After a massive investigation covering nine months, twenty states, and more than 20,000 miles, The HSUS has documented that every day and every night, thousands of cattle, pigs, sheep, chickens, and other animals are being crowded, beaten, electrically shocked, trampled--or even killed--during miserable journeys that ultimately end at the slaughterhouses of this country.
Animals are injured during loading, then forced to negotiate dark truck interiors, steep ramps, narrow doorways, sharp turns, and slippery flooring. They are loaded so hurriedly that they knock down or climb onto those animals ahead of them and are crowded so tightly that they injure or suffocate each other. During their journey (which may last for sixty hours), they are forced to endure extremes of weather in all climates and deprived of food and/or water. As they are unloaded, they are driven from trucks onto filthy, slippery loading ramps, often over the bodies of their dying companions. They stumble, sometimes breaking their legs, yet are forced to continue this final journey on their knees. Weak, crippled, old, young, and lame animals are mercilessly ramrodded through auction yards and their maze of holding pens, chutes, and sales arenas, then reloaded to endure another journey to a feedlot, finishing yard, slaughterhouse, or yet another auction. The longer and greater the number of journeys, the greater the suffering of the animals.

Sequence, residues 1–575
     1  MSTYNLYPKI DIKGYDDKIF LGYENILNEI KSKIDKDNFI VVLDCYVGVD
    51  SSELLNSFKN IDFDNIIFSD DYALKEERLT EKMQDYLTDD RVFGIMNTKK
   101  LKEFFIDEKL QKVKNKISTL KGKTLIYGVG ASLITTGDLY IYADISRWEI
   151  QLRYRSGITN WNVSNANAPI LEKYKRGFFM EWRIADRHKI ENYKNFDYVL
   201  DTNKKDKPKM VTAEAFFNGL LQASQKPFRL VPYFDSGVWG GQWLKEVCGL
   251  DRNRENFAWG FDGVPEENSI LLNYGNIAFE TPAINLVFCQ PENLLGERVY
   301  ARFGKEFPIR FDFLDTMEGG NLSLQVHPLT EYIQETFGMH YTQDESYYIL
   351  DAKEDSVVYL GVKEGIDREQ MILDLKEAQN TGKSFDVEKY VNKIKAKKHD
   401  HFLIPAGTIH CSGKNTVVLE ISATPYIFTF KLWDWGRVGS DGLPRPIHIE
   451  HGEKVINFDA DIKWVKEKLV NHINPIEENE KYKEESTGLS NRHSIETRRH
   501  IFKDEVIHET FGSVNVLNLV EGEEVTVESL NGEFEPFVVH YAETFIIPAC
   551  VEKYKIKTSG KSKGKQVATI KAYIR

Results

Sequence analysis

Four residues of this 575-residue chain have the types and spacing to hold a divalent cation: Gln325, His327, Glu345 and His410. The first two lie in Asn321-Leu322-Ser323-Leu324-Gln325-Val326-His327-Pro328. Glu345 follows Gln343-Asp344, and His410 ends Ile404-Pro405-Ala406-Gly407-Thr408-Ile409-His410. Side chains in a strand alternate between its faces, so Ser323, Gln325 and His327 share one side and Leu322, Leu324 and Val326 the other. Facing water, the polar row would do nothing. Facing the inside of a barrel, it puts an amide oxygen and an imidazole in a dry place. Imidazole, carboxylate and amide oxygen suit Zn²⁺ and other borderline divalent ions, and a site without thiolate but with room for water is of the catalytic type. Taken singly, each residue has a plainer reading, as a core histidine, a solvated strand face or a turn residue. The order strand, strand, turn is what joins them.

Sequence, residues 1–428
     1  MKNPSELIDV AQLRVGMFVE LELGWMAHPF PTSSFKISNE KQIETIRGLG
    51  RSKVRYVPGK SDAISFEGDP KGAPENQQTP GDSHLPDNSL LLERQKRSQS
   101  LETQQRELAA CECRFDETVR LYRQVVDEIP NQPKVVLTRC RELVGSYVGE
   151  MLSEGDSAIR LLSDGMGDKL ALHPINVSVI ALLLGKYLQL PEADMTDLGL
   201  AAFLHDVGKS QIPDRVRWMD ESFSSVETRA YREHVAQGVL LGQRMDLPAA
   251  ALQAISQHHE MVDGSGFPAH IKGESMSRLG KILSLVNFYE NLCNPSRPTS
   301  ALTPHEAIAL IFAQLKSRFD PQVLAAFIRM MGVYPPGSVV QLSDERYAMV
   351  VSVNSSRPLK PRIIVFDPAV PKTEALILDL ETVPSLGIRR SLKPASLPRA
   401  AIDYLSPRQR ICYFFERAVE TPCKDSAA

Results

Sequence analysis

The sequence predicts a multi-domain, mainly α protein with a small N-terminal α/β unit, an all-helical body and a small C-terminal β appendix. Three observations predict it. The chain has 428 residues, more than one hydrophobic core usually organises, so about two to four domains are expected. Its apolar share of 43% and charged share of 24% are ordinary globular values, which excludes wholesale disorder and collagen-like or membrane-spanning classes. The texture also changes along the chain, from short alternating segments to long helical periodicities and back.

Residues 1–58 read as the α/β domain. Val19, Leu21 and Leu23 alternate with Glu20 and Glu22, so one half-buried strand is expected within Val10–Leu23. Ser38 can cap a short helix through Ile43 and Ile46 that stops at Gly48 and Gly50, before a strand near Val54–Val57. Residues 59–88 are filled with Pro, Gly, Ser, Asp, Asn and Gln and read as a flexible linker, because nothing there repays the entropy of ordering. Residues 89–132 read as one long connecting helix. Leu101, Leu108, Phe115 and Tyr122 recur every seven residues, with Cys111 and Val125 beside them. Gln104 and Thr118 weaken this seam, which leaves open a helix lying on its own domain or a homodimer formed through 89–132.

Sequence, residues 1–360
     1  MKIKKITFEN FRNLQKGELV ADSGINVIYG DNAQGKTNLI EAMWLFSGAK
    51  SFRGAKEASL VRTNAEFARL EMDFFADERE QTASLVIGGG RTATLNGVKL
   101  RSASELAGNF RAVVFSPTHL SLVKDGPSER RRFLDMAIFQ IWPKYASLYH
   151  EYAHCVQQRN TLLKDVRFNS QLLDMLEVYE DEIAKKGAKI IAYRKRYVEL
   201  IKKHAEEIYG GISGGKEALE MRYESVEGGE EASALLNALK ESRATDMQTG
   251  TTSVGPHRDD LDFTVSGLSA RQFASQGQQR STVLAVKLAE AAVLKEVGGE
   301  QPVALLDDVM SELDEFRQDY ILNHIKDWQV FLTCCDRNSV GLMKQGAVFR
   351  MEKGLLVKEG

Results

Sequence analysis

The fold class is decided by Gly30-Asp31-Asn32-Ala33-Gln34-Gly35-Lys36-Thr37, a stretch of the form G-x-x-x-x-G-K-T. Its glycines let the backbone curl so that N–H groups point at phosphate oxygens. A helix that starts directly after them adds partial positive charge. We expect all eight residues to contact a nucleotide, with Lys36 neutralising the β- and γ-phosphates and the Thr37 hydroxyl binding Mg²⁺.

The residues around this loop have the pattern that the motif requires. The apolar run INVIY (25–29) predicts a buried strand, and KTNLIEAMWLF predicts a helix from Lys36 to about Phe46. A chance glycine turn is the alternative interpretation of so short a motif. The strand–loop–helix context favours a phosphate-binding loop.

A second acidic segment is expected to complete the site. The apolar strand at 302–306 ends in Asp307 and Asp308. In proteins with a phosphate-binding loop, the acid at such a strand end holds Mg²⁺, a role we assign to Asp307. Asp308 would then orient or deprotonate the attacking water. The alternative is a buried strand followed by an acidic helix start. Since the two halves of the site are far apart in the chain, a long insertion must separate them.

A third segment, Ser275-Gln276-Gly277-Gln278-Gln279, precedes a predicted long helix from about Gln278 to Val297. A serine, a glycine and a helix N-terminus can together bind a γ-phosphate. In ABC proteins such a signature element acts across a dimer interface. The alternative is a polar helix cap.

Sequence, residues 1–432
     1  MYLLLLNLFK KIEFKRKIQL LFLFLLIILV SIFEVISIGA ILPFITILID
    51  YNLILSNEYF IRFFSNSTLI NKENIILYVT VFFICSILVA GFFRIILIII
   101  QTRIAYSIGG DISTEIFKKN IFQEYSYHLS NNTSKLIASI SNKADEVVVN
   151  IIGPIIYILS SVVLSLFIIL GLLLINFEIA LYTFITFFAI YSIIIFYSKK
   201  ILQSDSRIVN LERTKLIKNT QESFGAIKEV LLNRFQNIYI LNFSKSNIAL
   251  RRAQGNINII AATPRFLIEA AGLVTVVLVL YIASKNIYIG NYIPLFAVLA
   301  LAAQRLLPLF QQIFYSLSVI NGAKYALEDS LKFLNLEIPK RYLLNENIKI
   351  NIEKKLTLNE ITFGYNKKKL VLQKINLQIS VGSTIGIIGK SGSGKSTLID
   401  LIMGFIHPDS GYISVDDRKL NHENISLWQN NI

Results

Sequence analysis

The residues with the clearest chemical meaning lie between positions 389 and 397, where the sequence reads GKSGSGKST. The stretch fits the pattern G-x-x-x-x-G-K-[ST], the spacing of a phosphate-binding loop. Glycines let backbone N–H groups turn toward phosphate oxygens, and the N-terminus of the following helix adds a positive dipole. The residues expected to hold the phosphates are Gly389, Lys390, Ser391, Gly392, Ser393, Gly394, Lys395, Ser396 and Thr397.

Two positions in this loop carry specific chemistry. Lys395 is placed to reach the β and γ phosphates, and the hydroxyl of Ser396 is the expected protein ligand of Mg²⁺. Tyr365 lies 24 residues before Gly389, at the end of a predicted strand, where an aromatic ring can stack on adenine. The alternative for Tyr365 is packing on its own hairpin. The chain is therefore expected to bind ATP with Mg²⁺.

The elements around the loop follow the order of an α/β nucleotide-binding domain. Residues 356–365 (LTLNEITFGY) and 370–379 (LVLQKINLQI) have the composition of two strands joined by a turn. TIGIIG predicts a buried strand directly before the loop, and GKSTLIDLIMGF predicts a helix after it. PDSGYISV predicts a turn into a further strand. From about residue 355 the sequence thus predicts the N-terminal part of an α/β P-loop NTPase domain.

The Humane Society of the United States, "HSUS Exposes Livestock Transportation Cruelty" (1984). CUP. 25.